(Bloomberg) — Brazil’s government may have removed one of the main hurdles for Petrobras to drill in a promising offshore oil region, a move that could escalate a standoff between the oil company and environmental authorities.
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A major impact study demanded by the Ibama environmental agency is not necessary for the project, the Attorney General’s Office (AGU) said in an advisory released Tuesday. It sent the matter to a mediation chamber to begin a reconciliation process between the federal agencies involved.
Petroleo Brasileiro SA, as the Rio de Janeiro-based producer is known, is “fully prepared” to participate in the mediation to resolve any disagreements, a message said on Wednesday. The oil giant believes it has met all the necessary requirements to get started, adding that it is open to new requests.
In May, Ibama blocked Petrobras from exploring the Foz do Amazonas basin on environmental and social grounds. Petrobras’s drilling permit was auctioned in 2013 and has since ceased.
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Mines and Energy Minister Alexandre Silveira supports the exploration project and has asked the Attorney General’s office to decide whether an impact study was necessary. Meanwhile, Environment Minister Marina Silva, who oversees Ibama, has expressed concern about the development of a region offshore from where the Amazon flows into the Atlantic Ocean.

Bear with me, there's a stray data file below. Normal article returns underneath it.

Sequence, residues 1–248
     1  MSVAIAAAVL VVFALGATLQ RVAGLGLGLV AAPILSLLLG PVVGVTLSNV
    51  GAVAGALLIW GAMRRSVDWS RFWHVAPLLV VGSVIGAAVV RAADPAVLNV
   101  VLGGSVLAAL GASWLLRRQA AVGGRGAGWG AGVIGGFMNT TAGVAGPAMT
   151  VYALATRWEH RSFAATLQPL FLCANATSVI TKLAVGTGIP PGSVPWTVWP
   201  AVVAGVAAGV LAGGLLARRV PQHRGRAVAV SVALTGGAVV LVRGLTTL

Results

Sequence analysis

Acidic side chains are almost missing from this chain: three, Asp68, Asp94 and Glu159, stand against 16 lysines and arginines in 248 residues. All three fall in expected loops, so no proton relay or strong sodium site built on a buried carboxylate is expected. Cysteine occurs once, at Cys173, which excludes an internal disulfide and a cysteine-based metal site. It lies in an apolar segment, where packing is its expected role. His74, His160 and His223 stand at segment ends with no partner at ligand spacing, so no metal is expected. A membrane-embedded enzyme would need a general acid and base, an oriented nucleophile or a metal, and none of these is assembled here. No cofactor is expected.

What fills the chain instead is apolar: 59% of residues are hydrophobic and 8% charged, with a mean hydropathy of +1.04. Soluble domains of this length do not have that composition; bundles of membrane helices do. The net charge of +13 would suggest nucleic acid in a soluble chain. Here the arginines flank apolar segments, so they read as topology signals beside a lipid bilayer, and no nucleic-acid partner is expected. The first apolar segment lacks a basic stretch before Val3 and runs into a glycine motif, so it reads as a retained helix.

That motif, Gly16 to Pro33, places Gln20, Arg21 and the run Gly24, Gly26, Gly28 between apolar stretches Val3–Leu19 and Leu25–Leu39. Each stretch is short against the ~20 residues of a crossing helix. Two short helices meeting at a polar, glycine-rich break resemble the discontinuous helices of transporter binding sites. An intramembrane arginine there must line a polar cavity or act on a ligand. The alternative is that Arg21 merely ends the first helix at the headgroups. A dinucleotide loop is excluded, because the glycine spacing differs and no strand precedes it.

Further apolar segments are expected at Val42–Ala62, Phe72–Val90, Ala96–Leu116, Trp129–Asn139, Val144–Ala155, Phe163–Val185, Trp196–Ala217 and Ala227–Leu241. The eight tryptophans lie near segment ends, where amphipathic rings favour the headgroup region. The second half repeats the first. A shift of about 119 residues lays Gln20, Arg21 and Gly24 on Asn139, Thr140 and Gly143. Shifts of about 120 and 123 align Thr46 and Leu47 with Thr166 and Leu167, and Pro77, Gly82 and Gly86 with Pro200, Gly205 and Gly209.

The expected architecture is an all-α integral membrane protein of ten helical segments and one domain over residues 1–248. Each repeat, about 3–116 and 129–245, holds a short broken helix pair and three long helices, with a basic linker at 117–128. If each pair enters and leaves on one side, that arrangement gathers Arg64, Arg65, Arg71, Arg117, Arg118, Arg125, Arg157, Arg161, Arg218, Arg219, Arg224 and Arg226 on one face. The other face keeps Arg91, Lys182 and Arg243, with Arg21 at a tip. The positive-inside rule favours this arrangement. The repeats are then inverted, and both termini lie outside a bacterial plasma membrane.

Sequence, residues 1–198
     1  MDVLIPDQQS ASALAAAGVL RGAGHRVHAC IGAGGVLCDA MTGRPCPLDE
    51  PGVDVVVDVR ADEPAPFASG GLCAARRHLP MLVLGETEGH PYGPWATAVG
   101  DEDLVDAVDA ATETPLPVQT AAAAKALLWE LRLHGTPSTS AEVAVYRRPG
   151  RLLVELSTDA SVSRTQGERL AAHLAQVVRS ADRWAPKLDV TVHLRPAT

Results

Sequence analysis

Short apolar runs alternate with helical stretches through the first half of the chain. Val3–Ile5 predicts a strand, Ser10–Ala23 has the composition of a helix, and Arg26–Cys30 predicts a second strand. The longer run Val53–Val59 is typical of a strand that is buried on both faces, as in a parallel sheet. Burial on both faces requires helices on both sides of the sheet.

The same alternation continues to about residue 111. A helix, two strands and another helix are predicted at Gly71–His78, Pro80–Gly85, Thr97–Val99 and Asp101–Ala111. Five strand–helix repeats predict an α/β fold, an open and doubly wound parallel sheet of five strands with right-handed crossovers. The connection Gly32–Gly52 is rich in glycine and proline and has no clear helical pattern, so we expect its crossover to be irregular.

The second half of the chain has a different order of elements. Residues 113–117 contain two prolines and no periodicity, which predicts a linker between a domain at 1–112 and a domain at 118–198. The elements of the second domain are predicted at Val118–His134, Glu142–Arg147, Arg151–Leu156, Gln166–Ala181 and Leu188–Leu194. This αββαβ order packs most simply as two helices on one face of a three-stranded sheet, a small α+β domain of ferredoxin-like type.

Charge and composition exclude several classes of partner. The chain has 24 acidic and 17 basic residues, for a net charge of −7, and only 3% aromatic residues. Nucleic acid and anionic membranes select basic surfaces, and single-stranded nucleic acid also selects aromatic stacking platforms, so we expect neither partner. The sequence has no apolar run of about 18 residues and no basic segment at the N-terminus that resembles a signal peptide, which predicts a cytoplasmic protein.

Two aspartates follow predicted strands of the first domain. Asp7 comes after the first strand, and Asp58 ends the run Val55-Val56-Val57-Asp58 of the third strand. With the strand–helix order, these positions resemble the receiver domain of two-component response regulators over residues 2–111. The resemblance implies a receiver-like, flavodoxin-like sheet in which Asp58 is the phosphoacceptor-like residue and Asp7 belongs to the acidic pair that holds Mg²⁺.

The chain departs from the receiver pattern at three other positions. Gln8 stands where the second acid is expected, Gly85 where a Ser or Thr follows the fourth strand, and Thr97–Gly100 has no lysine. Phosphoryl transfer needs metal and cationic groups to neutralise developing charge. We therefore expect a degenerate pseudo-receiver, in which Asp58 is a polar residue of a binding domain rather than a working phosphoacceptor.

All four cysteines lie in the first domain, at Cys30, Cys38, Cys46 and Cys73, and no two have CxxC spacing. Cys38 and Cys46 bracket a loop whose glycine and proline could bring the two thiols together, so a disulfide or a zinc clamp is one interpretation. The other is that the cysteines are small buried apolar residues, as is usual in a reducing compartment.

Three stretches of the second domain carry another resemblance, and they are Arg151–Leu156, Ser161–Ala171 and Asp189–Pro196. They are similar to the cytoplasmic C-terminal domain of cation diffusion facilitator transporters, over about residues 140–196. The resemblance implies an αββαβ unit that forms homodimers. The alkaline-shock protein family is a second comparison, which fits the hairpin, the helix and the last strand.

Silva has so far resisted pressure from other parts of the government. The lack of a major impact study wasn’t the only reason Ibama blocked Petrobras’ drilling request, the Department of the Environment said in an emailed response. It also cited “inconsistencies” in the information provided by the company.
Ibama said it has received the attorney general’s opinion and will comment in due course.
The government of President Luiz Inacio Lula da Silva faces competing priorities: growing the economy and protecting the environment. The debate over offshore drilling in Brazil comes as Colombia and Ecuador are taking steps to curb the oil industry.
Ecuadorian voters this month passed a referendum to close a major oil field in the Amazon region. Colombian Gustavo Petro opposes oil exploration in new areas and denounced climate change ‘denial’ at an environmental summit in Brazil earlier this month.
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(Updates to add commentary from Petrobras, the Department of the Environment and Ibama)
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